Although they are small, insects can cause big problems. Damage can be as mild as discolored or misshapen leaves, but a severe infestation of cutworms, thrips or beetles can kill young tomato plants or render the ripening fruit on older plants inedible. To control insect populations on tomato plants, identify the pest and apply appropriate and safe insecticides. Used correctly, these products will protect your plants with minimal environmental impact.
Botanical insecticides are derived from plants. Pyrethrum is derived from the chrysanthemum plant, is found in many over-the-counter pesticides and is effective against a broad range of garden pests. According to Cornell University, "Pyrethrum is quickly degraded in sunlight" and is "relatively non-toxic to humans." Pyrethrum is, however, very toxic to fish. Rotenone, extracted from the derris plant, is highly toxic to fish but is labeled for use on food crops and degrades quickly in sunlight. It kills leaf-feeding pests like thrips and aphids. Sabadilla is extracted from the seeds of a lily plant. It is effective against caterpillars, thrips and stinkbugs. It is often combined with rotenone to increase its range of effectiveness. Neem-based insecticides act as growth regulators and are effective against moths, butterflies and their larvae.
Bacillus thuringiensis (Bt) is a naturally occurring soil bacterium that is toxic to many species of insects including tomato hornworms and fruitworms. Bt compounds are safe for use around people, pets and wildlife. According to the Colorado State University Extension, "Bt proteins paralyze the digestive system, and the infected insect stops feeding within hours. Bt-affected insects generally die from starvation, which can take several days." Biological insecticides are best for mild infestations.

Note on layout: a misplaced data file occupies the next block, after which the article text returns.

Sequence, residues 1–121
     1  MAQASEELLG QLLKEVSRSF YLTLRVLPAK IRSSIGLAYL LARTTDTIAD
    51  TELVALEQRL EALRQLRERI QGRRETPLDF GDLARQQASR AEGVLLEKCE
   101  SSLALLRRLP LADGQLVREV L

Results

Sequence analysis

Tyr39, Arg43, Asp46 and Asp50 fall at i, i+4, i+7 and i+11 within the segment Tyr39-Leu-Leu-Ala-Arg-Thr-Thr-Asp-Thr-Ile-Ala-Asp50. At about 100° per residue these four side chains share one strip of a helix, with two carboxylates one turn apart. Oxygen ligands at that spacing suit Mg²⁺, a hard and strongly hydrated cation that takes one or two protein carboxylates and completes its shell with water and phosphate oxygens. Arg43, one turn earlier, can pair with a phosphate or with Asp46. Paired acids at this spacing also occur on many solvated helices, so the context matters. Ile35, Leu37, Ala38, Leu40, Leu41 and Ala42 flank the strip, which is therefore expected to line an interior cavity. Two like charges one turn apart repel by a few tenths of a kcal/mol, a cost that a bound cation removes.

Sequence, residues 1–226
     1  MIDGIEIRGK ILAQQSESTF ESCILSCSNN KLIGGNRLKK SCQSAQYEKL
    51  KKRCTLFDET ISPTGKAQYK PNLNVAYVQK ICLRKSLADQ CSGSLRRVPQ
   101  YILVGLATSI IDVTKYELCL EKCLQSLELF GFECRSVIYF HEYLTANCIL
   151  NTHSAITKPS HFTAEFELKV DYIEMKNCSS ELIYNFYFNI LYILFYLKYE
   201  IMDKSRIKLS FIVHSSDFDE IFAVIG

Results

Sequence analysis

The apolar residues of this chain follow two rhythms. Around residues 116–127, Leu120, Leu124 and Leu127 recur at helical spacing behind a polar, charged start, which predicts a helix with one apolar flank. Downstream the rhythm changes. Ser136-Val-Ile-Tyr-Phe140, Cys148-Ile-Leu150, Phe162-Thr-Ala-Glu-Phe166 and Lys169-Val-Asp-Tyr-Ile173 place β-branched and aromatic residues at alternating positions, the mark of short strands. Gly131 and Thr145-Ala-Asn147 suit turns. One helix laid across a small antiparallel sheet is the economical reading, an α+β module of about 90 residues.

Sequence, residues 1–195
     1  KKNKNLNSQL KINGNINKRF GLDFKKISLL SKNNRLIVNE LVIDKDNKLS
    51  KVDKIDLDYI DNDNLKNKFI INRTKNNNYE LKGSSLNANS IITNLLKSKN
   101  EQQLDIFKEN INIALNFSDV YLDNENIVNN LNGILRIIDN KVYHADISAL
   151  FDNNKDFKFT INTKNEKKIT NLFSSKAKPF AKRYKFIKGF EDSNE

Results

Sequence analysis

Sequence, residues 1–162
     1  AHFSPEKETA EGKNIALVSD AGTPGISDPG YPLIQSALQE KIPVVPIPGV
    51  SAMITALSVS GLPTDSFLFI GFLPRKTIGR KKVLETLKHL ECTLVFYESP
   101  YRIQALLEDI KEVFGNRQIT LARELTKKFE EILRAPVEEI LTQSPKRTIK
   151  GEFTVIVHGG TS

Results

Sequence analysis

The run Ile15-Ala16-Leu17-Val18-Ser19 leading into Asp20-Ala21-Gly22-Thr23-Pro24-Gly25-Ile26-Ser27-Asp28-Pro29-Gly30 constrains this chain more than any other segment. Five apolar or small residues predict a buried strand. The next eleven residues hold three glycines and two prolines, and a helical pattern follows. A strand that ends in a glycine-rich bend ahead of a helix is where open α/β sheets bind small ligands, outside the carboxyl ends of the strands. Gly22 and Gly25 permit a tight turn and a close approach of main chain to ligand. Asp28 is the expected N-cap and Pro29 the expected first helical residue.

Insecticidal soaps are used to control aphids, mealybugs, scale and whiteflies. It kills on contact for fast results but offers no residual killing power. Fatty acid soaps can be used on houseplants as well as tomato and other garden plants. Insecticidal soaps should be used with caution around beneficial insects like ladybugs and lacewings; this is a broad-spectrum insecticide and will harm certain species of desirable insects. Commercial insecticidal soaps are composed of potassium or ammonium salts of fatty acids.
Plant- and fish-based insecticidal oils kill insects without harming plants, animals or the environment. They can be sprayed on tomato plants at any time during the growing cycle. Mixed with water and applied with a sprayer, these compounds are derived from soybeans, cottonseeds, canola, jojoba, neem seeds and fish. Synthetic insecticidal oils, derived from petroleum-based products, are available but very few are certified organic and should not be used on tomato plants or other food crops.
Not all garden insects are bad. Enlist the help of beneficial insects in your fight against tomato pests. Ladybugs, lacewings, mantids and parasitic wasps are among the many willing consumers of aphids, mites and miscellaneous larvae and they are completely harmless to tomato plants and fruit. The original organic, non-toxic insect killers, beneficial insects in various stages of development are available in nurseries and garden centers.